Center for Biological Diversity

Protecting endangered species and wild places through
science, policy, education, and environmental law.

For Immediate Release: July 28, 2006

Michelle T. Harrington, Rivers Program Director, 602-628-9909

San Pedro Railroad Abandonment Approved
Old rail bed considered for trail system

PHOENIX—The rail line that has run along the banks of the San Pedro River for more than 100 years will be retired according to a decision published July 26 by the Surface Transportation Board. The Center for Biological Diversity had filed a lawsuit against the federal Surface Transportation Board (STB) in June for failing to perform an environmental review considering the impacts of continued railroad operations in the San Pedro Riparian National Conservation Area.

After several years of little or no service on the line, Sonora-Arizona International, LLC, offered to purchase the railroad and restart operations. The current owner, San Pedro Railroad Operating Company, LLC, planned to retire the 76.2 miles of railroad line between the border and Benson in Cochise County. The financial transaction was to be finalized by July 12, but the offer was withdrawn.

“We couldn’t be happier. At the end of the day, the tracks are coming out. Now begins the process of determining whether or not the rail bed will be converted to a trail,” said Michelle Harrington, Rivers Program Director for the Center for Biological Diversity.

Sonora-Arizona had revealed operational plans that entailed increased development along the border, increased rail traffic on the lines and transport of hazardous materials close to the ecologically rich San Pedro River. These changes in operation and potential impacts were not analyzed by the STB before giving approval of the sale of the rail line on May 3, 2006.

“The Center was very concerned that a return of rail cars to the tracks would harm the San Pedro River and National Conservation Area. The increase in development in the area and along the border would have added stress to the river, and the prospect of toxic cargo traveling beside the San Pedro was unthinkable. A spill would have been disastrous,” said Harrington.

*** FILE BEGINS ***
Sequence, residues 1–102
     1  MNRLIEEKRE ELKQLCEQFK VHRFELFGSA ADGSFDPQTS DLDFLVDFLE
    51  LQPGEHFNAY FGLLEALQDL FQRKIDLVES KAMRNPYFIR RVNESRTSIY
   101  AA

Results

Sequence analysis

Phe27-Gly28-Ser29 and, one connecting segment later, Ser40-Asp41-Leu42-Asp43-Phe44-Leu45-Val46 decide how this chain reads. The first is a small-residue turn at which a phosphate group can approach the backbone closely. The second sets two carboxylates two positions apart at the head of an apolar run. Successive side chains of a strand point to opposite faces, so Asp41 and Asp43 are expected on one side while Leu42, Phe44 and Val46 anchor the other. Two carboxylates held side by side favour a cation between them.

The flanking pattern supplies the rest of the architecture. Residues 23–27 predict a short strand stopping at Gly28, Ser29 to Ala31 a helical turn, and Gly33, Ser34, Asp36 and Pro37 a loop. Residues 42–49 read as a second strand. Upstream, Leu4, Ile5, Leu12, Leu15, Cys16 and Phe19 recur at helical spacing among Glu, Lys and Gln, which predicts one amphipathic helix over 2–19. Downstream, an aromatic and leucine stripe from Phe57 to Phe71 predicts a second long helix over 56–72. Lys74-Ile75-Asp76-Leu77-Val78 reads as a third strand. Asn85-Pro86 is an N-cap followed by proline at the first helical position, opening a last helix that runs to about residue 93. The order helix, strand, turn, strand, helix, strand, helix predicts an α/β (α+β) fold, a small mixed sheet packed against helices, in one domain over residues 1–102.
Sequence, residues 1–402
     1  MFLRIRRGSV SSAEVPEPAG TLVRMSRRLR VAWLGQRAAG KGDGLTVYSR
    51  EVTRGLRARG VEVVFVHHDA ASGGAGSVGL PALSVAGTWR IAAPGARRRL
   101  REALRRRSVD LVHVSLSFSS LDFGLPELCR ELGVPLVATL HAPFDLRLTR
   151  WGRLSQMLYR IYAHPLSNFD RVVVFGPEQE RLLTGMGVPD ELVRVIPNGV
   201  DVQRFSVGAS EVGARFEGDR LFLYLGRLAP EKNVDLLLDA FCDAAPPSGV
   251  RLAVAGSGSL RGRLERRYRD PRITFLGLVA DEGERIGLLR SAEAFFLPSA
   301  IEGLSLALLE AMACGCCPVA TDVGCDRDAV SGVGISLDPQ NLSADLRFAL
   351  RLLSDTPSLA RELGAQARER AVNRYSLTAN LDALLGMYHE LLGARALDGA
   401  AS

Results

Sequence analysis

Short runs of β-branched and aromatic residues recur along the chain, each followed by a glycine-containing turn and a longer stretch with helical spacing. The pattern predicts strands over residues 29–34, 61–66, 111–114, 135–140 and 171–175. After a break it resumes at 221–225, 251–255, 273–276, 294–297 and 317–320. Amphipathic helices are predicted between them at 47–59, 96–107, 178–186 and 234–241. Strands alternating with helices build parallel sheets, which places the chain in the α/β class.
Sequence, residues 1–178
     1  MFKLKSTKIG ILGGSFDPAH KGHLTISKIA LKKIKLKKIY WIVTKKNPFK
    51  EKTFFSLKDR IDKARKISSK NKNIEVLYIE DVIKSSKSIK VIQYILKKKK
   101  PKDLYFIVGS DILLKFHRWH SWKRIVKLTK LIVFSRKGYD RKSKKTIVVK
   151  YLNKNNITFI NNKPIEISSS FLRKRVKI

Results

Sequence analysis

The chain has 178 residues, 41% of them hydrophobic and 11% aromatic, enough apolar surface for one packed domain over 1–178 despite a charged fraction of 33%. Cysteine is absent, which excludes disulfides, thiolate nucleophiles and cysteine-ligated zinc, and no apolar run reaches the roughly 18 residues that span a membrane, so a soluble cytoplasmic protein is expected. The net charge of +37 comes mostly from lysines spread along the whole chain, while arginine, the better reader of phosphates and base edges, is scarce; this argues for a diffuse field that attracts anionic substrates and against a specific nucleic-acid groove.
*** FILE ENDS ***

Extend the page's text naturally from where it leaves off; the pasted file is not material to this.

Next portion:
San Pedro Railroad originally petitioned the federal government to abandon the deteriorating rail line and salvage the steel tracks, opening the railroad corridor for a rails-to-trails project. The trail project received support from Cochise County and the Bureau of Land Management.

“The San Pedro River and the citizens in these communities as well as tourists will all benefit from a trail system. Access to hikers and birders will bring additional tourism dollars to the area. And best of all, the San Pedro will be showcased as the treasure it is,” said Harrington.

The San Pedro is the last surviving desert river in the southwest. Congress recognized its importance in 1988 with the creation of the San Pedro Riparian National Conservation Area. It provides the most intact habitat in the world for the endangered Huachuca Water Umbel, and is prized for its outstanding diversity of migratory birds, wildlife and cottonwood-willow forest.

Link to the Surface Transportation Board’s July 26 decision:

The Center for Biological Diversity is a non-profit conservation organization with over 25,000 members dedicated to the protection of imperiled species and habitat.


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